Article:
Fabrics Giant Joann Files For Bankruptcy

The company has been in business since 1943.

<p>Photo By Tim Leedy/MediaNews Group/Reading Eagle via Getty Images</p>

Photo By Tim Leedy/MediaNews Group/Reading Eagle via Getty Images

Joann, the nation’s largest fabric, sewing, and craft retailer, filed for Chapter 11 bankruptcy protection earlier this week.

Joann, which has been in business since 1943, announced that it had secured approximately $132 million in "new financing and related financial accommodations and expects to reduce funded debt on its balance sheet by approximately $505 million."  The 81-year-old Ohio-based company predicts that it will emerge from bankruptcy as early as the end of next month.

“Over the past several months, Joann has made meaningful business improvements through the execution of our ‘Focus, Simplify and Grow’ cost reduction initiative,” Chris DiTullio, Chief Customer Officer and co-lead of the Interim Office of the CEO, said in a news release. “We are excited by our progress on both top and bottom-line initiatives in the past year and are confident the steps we are taking will allow Joann to drive long-term growth. We appreciate the support from our financial and industry stakeholders in this agreement, and their confidence in our ability to continue driving positive business change. There is no other retailer with the same ability to serve sewists, quilters, crocheters, crafters and other creative enthusiasts as we have for the past 80 years, and we take great pride in seeing the passion and engagement of our millions of customers and our team members.”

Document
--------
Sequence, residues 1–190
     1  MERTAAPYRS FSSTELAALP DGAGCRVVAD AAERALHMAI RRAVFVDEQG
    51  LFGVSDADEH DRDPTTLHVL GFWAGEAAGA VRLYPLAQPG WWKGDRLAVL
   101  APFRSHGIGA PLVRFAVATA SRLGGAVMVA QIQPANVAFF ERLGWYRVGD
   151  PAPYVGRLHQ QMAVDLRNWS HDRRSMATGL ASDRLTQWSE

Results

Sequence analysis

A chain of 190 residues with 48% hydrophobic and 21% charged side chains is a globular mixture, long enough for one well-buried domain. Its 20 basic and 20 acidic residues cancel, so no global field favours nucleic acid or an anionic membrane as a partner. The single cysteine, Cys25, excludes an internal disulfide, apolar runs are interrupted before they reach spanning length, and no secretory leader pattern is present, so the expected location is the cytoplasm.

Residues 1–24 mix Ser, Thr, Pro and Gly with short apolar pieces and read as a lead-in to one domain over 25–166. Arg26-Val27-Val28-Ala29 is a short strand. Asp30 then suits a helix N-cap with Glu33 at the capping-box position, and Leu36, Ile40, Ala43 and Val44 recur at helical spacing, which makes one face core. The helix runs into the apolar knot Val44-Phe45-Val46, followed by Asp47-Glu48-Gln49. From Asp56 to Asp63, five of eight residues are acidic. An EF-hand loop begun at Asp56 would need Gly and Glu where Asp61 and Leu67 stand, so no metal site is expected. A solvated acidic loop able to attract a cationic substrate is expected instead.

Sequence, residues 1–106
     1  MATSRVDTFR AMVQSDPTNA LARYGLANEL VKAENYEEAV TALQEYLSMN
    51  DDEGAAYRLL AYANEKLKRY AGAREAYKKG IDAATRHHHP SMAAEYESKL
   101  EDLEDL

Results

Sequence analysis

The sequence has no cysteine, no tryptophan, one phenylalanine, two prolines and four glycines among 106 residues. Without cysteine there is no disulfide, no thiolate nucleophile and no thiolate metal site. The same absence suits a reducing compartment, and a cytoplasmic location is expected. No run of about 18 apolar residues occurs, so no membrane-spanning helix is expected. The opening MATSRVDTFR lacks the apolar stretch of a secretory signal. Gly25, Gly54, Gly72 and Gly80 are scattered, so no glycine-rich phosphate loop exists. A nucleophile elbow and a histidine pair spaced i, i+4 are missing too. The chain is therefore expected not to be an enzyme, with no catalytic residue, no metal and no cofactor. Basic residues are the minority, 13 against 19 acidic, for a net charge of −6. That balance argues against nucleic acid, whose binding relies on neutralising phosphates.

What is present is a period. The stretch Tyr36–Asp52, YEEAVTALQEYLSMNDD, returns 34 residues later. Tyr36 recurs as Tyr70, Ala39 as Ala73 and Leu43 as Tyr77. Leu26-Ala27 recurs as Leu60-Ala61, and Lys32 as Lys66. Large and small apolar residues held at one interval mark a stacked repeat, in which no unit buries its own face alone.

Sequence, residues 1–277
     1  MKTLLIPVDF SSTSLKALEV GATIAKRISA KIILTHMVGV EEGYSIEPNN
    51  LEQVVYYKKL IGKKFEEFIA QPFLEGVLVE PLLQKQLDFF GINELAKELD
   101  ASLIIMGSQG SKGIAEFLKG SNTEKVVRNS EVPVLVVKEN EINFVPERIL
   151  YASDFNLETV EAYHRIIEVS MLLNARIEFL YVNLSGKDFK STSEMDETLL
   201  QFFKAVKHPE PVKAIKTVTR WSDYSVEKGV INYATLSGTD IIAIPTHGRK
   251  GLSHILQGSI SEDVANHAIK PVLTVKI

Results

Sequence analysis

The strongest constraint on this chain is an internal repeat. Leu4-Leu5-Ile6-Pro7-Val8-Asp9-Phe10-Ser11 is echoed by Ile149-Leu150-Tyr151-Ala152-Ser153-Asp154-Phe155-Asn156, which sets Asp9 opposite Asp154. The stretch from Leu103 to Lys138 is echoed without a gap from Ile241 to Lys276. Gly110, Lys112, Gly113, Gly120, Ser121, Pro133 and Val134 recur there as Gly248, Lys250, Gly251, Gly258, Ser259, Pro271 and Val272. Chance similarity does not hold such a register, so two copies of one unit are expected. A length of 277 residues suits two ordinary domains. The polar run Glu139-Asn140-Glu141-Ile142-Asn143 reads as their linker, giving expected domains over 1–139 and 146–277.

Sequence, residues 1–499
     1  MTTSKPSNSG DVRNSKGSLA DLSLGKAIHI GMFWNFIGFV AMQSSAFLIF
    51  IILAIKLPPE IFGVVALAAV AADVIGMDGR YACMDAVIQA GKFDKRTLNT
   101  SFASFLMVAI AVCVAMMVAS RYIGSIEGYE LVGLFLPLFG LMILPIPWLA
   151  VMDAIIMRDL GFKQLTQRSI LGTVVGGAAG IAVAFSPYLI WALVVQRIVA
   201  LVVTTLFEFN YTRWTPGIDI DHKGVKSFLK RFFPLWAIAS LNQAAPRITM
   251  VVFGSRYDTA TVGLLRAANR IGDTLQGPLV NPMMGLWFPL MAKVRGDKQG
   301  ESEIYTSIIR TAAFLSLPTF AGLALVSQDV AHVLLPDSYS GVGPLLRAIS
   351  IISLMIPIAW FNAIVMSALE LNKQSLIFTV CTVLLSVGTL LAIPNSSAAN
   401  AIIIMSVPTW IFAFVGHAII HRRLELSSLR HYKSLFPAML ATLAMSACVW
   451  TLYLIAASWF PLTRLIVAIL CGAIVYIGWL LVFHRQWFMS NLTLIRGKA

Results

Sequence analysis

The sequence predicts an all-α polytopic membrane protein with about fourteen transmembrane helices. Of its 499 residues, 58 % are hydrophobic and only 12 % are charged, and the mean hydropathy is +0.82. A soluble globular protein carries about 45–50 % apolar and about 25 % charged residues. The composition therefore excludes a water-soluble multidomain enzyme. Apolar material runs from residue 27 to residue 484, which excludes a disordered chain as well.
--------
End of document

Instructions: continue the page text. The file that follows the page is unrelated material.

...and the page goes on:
Despite the legal filing, Joann will stay in business and its website and roughly 850 stores will “continue to operate as usual.”

“Customers, vendors, landlords, and other trade creditors will not see any disruption in services,” the company said. “[Joann] remains as focused as ever on providing customers with quality products and services that inspire their creativity."

According to The Associated Press, Joann's bankruptcy filing can be attributed to a “slowdown in discretionary spending overall” and consumers’ “step back from at-home crafts” following the COVID-19 pandemic boom.

"Crafts, which did extremely well during the pandemic, have fallen back into slight declines as people find other things to do," Neil Saunders, managing director of research firm GlobalData, told the AP.

“There is still a place for Joann, but it’s going to take a lot of work to get back into a stable position,” he added. “I think this bankruptcy was always inevitable. And actually, despite the disruption it causes, it’s a very good first step for getting the company back on track.”

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